Mentions: FasL induction has been demonstrated in activation-induced cell death in T cells 4748495051 and in the death of other cell types induced by anticancer drugs 52, gamma irradiation 53, and UV light 54. We investigated the possibility of the involvement of the FasL/Fas pathway in paclitaxel-induced apoptosis. Jurkat cells or MDA-MB-231 cells were stably transfected with either pSSFV-Neo or pSSFV-Bcl-2 expression vector to assess the protective effects of Bcl-2 on paclitaxel-induced apoptosis (Fig. 1a and Fig. b). Treatment of cells with paclitaxel resulted in induction of apoptosis in a dose-dependent manner, and overexpression of Bcl-2 inhibited paclitaxel-induced apoptosis in Jurkat cells (Fig. 1 C). The paclitaxel dose–response curve suggests a 10-fold increase in resistance in cells overexpressing Bcl-2. Neutralization of FasL by treatment of cells with anti-FasL antibody (NOK-2) significantly inhibited paclitaxel-induced apoptosis in both JT/Neo and JT/Bcl-2 cells. Indeed, very little tumor cell death could be documented in Bcl-2–overexpressing Jurkat cells exposed to anti-FasL antibody. To examine the role of Bcl-2 in paclitaxel-induced apoptosis, we used MDA-MB-231 breast cancer cells, which do not express endogenous Bcl-2 (Fig. 1 B). Overexpression of Bcl-2 in MDA cells inhibited paclitaxel-induced apoptosis by greater than two logs (Fig. 1 D). Neutralization of FasL by anti-FasL antibody (NOK-2) significantly inhibited paclitaxel-induced apoptosis in MDA/Neo but had little effect in MDA/Bcl-2 cells. Incubation of cells with Fas- blocking antibody inhibited paclitaxel-induced apoptosis in JT/Neo and JT/Bcl-2 cells. Similarly, overexpression of mutant CD95/Fas (mutant receptors lacking intracellular cytoplasmic domains) inhibited paclitaxel-induced apoptosis (Fig. 1 F). Taken together, these data demonstrate that (a) paclitaxel-induced apoptosis can be inhibited by Bcl-2 and (b) the FasL/Fas pathway, at least in part, mediates paclitaxel-induced apoptosis.


Bcl-2-mediated drug resistance: inhibition of apoptosis by blocking nuclear factor of activated T lymphocytes (NFAT)-induced Fas ligand transcription.

Srivastava RK, Sasaki CY, Hardwick JM, Longo DL - J. Exp. Med. (1999)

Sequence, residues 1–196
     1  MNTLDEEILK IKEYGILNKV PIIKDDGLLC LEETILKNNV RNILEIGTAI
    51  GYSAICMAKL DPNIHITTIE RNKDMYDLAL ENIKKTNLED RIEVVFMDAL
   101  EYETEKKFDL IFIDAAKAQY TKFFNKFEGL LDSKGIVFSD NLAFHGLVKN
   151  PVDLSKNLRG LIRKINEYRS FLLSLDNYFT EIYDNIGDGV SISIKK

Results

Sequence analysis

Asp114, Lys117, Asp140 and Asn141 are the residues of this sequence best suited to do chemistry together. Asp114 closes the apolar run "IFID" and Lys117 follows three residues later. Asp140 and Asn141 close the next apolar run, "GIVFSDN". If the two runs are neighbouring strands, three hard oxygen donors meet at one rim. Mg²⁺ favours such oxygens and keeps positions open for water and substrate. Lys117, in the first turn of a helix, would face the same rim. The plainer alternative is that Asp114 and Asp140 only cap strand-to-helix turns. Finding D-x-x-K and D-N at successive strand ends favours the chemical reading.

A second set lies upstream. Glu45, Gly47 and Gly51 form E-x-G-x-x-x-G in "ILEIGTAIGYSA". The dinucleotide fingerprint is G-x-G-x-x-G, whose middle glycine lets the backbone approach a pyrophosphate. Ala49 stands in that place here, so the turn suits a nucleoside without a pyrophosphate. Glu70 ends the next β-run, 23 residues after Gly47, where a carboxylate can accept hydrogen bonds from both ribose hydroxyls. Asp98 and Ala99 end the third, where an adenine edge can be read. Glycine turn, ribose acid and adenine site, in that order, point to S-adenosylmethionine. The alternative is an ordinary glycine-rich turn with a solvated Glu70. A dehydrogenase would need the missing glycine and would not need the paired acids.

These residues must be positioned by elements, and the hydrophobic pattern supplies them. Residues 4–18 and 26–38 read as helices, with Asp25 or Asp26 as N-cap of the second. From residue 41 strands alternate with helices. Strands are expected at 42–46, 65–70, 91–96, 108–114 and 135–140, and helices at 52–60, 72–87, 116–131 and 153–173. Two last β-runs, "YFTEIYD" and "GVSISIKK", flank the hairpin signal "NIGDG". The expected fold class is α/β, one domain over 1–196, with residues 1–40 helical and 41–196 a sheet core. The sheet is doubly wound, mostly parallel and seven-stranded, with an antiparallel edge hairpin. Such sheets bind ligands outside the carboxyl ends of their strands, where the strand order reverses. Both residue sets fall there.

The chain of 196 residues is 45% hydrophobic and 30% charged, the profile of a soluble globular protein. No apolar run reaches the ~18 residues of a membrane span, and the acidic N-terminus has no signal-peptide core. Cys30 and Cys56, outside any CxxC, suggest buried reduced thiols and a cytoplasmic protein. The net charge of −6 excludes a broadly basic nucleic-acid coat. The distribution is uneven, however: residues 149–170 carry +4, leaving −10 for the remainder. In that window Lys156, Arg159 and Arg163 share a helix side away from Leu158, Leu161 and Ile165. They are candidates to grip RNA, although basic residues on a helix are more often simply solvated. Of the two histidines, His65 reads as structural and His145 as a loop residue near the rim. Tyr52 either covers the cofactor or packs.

Bcl-2 inhibits paclitaxel-induced apoptosis. (A) Jurkat cells were stably transfected with either pSSFV-neo or pSFFV-Bcl-2 plasmid. (B) MDA-MB-231 cells were stably transfected with either pSSFV-neo or pSFFV-Bcl-2 plasmid. (C) Jurkat cells (JT/Neo and JT/Bcl-2) were treated with paclitaxel (0.001, 0.01, and 0.1 μM) with or without anti-FasL neutralizing antibody (NOK-2; 1 μg/ml) for 48 h. Cells were stained with DAPI and visualized under fluorescence microscopy. Cells with fragmented nuclei or condensed chromatin were counted as apoptotic. Data (mean ± SE of quadruplicate determinations) represent one of three separate experiments that gave similar results. (D) MDA/MB/231 (MDA/Neo and MDA/Bcl-2) were treated with paclitaxel (0.001, 0.01, and 0.1 μM) with or without anti-FasL neutralizing antibody (NOK-2; 1 μg/ml) for 48 h. Cells were stained with DAPI and visualized under fluorescence microscopy. Cells with fragmented and condensed chromatin were counted as apoptotic. Data (mean ± SE of quadruplicate determinations) represent one of three separate experiments that gave similar results. (E) JT/Neo and JT/Bcl-2 cells were treated with paclitaxel (0.001, 0.01, and 0.1 μM) with or without anti-Fas blocking antibody (1 μg/ml) for 48 h. Apoptotic nuclei were counted as described for D. (F) JT/Neo and JT/mut CD95 cells were treated with paclitaxel (0.001, 0.01, and 0.1 μM) for 48 h. Apoptotic nuclei were counted as described for D.
© Copyright Policy
Related In: Results  -  Collection

Show All Figures
getmorefigures.php?uid=PMC2195578&req=5

Figure 1: Bcl-2 inhibits paclitaxel-induced apoptosis. (A) Jurkat cells were stably transfected with either pSSFV-neo or pSFFV-Bcl-2 plasmid. (B) MDA-MB-231 cells were stably transfected with either pSSFV-neo or pSFFV-Bcl-2 plasmid. (C) Jurkat cells (JT/Neo and JT/Bcl-2) were treated with paclitaxel (0.001, 0.01, and 0.1 μM) with or without anti-FasL neutralizing antibody (NOK-2; 1 μg/ml) for 48 h. Cells were stained with DAPI and visualized under fluorescence microscopy. Cells with fragmented nuclei or condensed chromatin were counted as apoptotic. Data (mean ± SE of quadruplicate determinations) represent one of three separate experiments that gave similar results. (D) MDA/MB/231 (MDA/Neo and MDA/Bcl-2) were treated with paclitaxel (0.001, 0.01, and 0.1 μM) with or without anti-FasL neutralizing antibody (NOK-2; 1 μg/ml) for 48 h. Cells were stained with DAPI and visualized under fluorescence microscopy. Cells with fragmented and condensed chromatin were counted as apoptotic. Data (mean ± SE of quadruplicate determinations) represent one of three separate experiments that gave similar results. (E) JT/Neo and JT/Bcl-2 cells were treated with paclitaxel (0.001, 0.01, and 0.1 μM) with or without anti-Fas blocking antibody (1 μg/ml) for 48 h. Apoptotic nuclei were counted as described for D. (F) JT/Neo and JT/mut CD95 cells were treated with paclitaxel (0.001, 0.01, and 0.1 μM) for 48 h. Apoptotic nuclei were counted as described for D.